Role: Senior pastor, Christ Our Redeemer African Methodist Episcopal Church in Irvine
Bio: Whitlock serves as the executive director of USC’s Cecil Murray Center for Community Engagement and president of the Ecumenical Center for Black Church Studies at the University of La Verne. He received his bachelor’s degree in religion from La Verne and his master’s in social entrepreneurship from USC. He lives in Aliso Viejo with the Rev. Hermia Shegog Whitlock, his wife of 33 years. They have three grown children and two grandchildren.
Why he is an influencer: Whitlock and his church spearheaded the Solidarity March in August, bringing together organizations of faith and law enforcement. He also was instrumental in starting the Orange County Sheriff Department’s Interfaith Advisory Council in January.
Biggest challenge: “Help police hear the voice and cry of our young people, and to help them see the implicit bias many of us have when it comes to African American men.”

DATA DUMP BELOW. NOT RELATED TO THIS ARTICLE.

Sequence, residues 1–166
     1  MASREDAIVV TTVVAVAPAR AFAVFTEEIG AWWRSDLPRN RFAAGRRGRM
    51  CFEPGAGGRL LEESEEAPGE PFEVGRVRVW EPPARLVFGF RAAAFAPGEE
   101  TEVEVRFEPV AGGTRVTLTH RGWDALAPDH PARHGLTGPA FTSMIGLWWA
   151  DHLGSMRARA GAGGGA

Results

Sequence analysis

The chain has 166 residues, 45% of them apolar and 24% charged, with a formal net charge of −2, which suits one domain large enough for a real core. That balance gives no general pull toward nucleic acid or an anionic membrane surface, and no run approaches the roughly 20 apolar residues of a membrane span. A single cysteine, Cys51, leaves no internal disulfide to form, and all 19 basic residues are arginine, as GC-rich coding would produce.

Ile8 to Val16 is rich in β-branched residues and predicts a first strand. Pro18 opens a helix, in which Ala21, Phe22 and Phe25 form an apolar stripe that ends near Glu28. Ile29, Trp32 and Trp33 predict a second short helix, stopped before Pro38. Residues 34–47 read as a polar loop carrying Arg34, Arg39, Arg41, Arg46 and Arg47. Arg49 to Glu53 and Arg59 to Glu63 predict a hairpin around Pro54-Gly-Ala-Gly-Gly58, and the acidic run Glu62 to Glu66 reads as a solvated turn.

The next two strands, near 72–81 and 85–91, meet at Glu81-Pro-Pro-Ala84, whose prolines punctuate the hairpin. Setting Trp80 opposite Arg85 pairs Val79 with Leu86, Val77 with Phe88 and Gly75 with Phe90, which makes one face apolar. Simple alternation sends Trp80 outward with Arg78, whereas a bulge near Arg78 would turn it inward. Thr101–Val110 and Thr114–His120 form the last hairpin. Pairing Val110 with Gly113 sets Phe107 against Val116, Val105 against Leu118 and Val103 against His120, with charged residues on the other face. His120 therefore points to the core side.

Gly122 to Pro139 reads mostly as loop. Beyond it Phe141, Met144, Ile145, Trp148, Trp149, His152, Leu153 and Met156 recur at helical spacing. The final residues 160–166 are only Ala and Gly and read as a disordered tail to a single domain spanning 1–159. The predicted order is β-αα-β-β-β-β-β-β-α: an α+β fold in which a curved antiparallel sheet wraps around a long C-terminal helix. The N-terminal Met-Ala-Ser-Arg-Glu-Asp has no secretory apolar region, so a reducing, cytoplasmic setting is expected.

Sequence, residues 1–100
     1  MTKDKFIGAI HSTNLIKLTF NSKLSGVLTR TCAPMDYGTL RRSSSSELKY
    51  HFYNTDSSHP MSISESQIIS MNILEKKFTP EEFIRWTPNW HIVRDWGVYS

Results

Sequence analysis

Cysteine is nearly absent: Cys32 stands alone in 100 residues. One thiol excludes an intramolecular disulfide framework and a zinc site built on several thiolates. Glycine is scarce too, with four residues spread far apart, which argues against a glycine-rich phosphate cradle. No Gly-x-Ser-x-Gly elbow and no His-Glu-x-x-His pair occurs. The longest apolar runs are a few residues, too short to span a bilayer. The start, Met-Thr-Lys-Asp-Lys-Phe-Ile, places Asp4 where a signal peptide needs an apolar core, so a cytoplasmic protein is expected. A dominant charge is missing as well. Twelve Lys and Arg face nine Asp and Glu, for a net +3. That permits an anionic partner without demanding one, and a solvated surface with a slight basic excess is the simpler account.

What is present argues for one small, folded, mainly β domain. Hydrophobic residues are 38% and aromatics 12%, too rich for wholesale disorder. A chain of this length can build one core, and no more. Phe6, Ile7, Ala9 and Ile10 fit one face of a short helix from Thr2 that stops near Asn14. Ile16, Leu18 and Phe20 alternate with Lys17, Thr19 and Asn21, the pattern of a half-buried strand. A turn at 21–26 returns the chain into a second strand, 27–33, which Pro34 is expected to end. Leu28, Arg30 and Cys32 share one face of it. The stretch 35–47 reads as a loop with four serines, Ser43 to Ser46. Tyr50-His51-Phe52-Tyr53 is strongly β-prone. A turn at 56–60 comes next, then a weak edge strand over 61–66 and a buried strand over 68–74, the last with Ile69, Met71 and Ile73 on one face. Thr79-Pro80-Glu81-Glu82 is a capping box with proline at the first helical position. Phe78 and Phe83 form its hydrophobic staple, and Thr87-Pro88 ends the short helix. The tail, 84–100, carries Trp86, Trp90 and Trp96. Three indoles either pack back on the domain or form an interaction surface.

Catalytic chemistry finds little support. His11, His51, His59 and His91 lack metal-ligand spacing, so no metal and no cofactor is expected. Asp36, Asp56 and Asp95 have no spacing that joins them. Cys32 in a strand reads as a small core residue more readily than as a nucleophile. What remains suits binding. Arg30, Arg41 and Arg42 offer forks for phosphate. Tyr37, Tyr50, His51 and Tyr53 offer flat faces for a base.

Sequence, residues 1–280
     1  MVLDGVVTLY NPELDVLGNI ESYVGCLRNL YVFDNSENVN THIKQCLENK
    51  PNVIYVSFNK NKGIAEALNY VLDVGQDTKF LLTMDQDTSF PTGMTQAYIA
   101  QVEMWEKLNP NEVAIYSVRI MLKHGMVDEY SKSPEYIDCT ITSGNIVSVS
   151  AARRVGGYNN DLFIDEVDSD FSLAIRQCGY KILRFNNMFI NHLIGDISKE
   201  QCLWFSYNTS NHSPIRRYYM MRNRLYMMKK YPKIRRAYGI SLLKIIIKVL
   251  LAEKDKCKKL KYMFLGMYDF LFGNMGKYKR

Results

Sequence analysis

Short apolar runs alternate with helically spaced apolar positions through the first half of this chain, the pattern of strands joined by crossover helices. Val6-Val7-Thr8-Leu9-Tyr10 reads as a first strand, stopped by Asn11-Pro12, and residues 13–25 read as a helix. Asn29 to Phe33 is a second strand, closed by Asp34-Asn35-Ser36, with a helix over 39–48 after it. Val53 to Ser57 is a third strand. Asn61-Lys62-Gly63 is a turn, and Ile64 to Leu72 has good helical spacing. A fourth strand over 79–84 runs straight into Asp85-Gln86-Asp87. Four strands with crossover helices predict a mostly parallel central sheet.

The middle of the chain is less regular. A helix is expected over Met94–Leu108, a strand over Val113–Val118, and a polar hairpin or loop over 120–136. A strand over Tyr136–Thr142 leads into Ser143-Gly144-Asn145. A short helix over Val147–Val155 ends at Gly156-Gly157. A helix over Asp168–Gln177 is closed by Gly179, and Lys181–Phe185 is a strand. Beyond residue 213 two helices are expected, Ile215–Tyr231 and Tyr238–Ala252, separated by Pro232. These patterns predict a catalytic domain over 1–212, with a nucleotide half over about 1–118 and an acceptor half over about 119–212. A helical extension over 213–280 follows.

Thoughts on community organizing: “Community organizing is a must, and the church must lead the way.”
Inspiration: “It’s always been Jesus Christ. He was a community organizer, social entrepreneur, freedom fighter and peacemaker.”
Can’t live without: “My wife. She keeps me focused. She supports me when I’m not feeling great and corrects me when I’m on the wrong path.”
What’s next: “We (Christ Our Redeemer) are working to start a school (preschool through middle school) to meet the needs of our children in Orange County so they have better opportunities than their parents had.”
Source: Orange County Register | DEEPA BHARATH